American RadioWorks |
(Photos: Franklin D. Roosevelt Presidential Library)

The First Family of Radio

When Franklin D. Roosevelt was elected president in 1932, he and first lady Eleanor Roosevelt both used the new medium of radio to reach into American homes like never before. They rallied the nation to combat the Great Depression and fight fascism. The Roosevelts forged an uncommonly personal relationship with the people. This documentary explores how FDR and ER's use of radio revolutionized the way Americans relate to the White House and its occupants.

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in collaboration with Spotlight on Poverty and Opportunity

Increase jobs

File under: jobs, job creation, consumer demand

0 (0 votes)

From: Ron B., Boston, MA

Four ways to increase jobs:

1. Remove the link between health insurance and employment by expanding Medicare to cover everyone. This would decrease the per employee cost to the employer, and free up resources to hire more workers.

2. Decrease the work week to four days per week. Employers would hire new workers to fill in on the fifth day.

3. Mandate, via a progressive income tax policy, that the lowest paid worker must make at least one-fortieth (1/40) of the highest paid employee in the company. This would insure that improving company profits would result in higher wages for all workers, thereby increasing their disposable income and increasing consumer demand.

4. Rewrite tax policy to discourage offshoring of jobs.


Comments:

Jim N.
From Nisswa, MN

Look, I'm no economist, but we need to recapture jobs that were here 10 years ago that have now gone to China. I've worked in advertising/marketing for over 25 years and I have personally witnessed American companies that were making their products proudly here. Now, to remain competitive "had" to have their products made in China. There needs to be incentives/tax breaks for U.S. companies that remain/switch back producing products here. This would produce real full time jobs (not the temporary jobs that are being created/boasted as successful jobs being created now). I also realize that on the retail side, prices would be higher but we wouldn't have to worry about lead-based painted toys or faulty dangerous drywall etc. because it would be regulated here. And I know I sound like my dad when I say this, there was a day where "Made in the U.S.A. meant something. It used to mean it was made better because we made it. We need to start again make things proudly here with no apologies. My two cents... By the way, during these economic times how does a award winning creative who excelled in my profession for over 25 years find himself laid off and can't find a job? Sad indeed.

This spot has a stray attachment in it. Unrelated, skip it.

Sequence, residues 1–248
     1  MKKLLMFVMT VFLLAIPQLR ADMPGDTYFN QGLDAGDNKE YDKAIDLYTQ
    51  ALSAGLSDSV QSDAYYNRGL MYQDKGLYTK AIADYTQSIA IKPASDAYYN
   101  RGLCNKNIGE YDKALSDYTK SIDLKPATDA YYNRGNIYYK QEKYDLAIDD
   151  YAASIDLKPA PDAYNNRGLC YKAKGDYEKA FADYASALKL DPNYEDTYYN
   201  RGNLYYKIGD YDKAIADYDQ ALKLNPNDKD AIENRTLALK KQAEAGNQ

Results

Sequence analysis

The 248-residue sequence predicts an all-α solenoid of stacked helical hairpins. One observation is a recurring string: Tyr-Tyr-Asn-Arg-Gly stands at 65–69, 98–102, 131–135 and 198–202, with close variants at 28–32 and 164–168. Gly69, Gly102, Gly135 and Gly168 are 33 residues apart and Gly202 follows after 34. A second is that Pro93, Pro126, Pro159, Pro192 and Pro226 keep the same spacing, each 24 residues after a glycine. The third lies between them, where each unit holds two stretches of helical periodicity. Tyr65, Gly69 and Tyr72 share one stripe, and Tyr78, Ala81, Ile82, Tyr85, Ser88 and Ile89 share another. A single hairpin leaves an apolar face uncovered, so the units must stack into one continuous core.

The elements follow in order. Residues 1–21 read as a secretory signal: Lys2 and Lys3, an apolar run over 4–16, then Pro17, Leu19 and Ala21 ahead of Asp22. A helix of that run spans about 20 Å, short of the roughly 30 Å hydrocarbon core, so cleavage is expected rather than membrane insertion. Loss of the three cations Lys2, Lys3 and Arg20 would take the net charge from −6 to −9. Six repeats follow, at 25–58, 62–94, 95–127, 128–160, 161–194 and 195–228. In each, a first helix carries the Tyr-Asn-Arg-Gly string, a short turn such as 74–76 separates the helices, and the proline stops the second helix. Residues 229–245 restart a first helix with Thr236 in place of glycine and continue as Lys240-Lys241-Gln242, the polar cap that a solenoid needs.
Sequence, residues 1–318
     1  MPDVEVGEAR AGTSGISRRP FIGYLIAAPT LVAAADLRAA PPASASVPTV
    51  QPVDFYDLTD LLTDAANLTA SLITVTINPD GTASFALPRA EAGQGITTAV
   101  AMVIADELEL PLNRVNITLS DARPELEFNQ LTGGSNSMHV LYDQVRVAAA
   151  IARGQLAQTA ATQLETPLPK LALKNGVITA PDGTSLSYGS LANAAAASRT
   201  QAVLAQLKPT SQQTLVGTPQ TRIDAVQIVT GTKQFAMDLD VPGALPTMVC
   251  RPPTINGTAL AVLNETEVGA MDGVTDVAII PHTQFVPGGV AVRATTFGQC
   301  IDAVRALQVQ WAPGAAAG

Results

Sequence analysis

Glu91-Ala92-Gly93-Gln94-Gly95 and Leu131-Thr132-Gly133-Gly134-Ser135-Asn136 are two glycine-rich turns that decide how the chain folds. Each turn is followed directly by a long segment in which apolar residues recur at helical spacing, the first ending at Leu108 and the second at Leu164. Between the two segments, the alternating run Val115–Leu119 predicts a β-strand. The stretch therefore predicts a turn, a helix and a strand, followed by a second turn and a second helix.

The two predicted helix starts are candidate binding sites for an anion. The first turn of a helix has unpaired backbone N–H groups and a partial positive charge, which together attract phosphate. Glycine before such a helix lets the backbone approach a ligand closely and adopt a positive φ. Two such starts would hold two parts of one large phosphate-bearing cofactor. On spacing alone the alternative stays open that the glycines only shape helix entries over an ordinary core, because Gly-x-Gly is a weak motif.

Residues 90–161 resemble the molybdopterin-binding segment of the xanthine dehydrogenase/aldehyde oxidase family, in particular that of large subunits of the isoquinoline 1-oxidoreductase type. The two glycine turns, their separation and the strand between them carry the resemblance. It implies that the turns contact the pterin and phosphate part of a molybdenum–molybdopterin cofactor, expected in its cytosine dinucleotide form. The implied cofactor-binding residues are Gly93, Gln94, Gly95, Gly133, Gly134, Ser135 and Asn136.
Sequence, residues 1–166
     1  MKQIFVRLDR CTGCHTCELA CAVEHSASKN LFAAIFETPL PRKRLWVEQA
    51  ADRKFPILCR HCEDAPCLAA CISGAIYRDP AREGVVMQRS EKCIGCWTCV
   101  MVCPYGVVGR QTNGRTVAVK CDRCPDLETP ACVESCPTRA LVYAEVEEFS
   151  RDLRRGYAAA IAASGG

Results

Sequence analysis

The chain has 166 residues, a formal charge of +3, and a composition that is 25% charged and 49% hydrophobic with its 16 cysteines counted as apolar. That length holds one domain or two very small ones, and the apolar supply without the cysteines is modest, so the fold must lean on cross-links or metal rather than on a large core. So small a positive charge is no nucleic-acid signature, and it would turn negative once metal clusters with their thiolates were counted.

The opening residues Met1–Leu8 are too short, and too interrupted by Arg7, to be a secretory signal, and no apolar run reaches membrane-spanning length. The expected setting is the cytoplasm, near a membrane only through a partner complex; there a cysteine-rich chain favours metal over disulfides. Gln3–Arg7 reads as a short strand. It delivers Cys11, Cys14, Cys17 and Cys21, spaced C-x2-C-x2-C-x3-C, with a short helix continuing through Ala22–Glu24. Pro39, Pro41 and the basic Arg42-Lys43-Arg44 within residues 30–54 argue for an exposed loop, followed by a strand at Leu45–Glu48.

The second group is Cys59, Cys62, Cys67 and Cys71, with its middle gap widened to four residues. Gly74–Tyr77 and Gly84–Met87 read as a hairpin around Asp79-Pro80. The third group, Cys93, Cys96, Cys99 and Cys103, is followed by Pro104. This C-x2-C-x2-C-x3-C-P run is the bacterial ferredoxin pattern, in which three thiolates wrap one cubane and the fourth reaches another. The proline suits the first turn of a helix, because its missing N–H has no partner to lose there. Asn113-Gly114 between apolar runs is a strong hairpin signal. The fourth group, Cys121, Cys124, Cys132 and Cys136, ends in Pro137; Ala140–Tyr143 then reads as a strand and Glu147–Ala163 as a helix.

American RadioWorks |
(Photos: Franklin D. Roosevelt Presidential Library)

The First Family of Radio

When Franklin D. Roosevelt was elected president in 1932, he and first lady Eleanor Roosevelt both used the new medium of radio to reach into American homes like never before. They rallied the nation to combat the Great Depression and fight fascism. The Roosevelts forged an uncommonly personal relationship with the people. This documentary explores how FDR and ER's use of radio revolutionized the way Americans relate to the White House and its occupants.

Recent Posts

  • 11.17.14

    The Utility of a PhD

    Humanities professors at colleges and universities are re-thinking what it means to offer a PhD. The old model is proving unsustainable. It takes an average nine years to get a doctorate, but less than 60 percent of PhDs are finding tenure-track teaching jobs. This week, we look at a new report recommending academics view doctoral programs in a new light.
  • 11.10.14

    Radio: FDR’s ‘Natural Gift’

    President Franklin D. Roosevelt was a radio natural. He spoke in a confident, informal way, using simple words and phrases that were easy to grasp.
  • 11.12.14

    The Roosevelts as a political team

    Eleanor and Franklin Roosevelt were not the first White House couple to act as political partners, but they were the first to do so in such a public fashion.
  • 11.10.14

    Radio: The Internet of the 1930s

    Some predicted radio would be a powerful force for democratizing information and spreading knowledge to a vast population previously separated by geography or income. But the new technology also raised anxieties.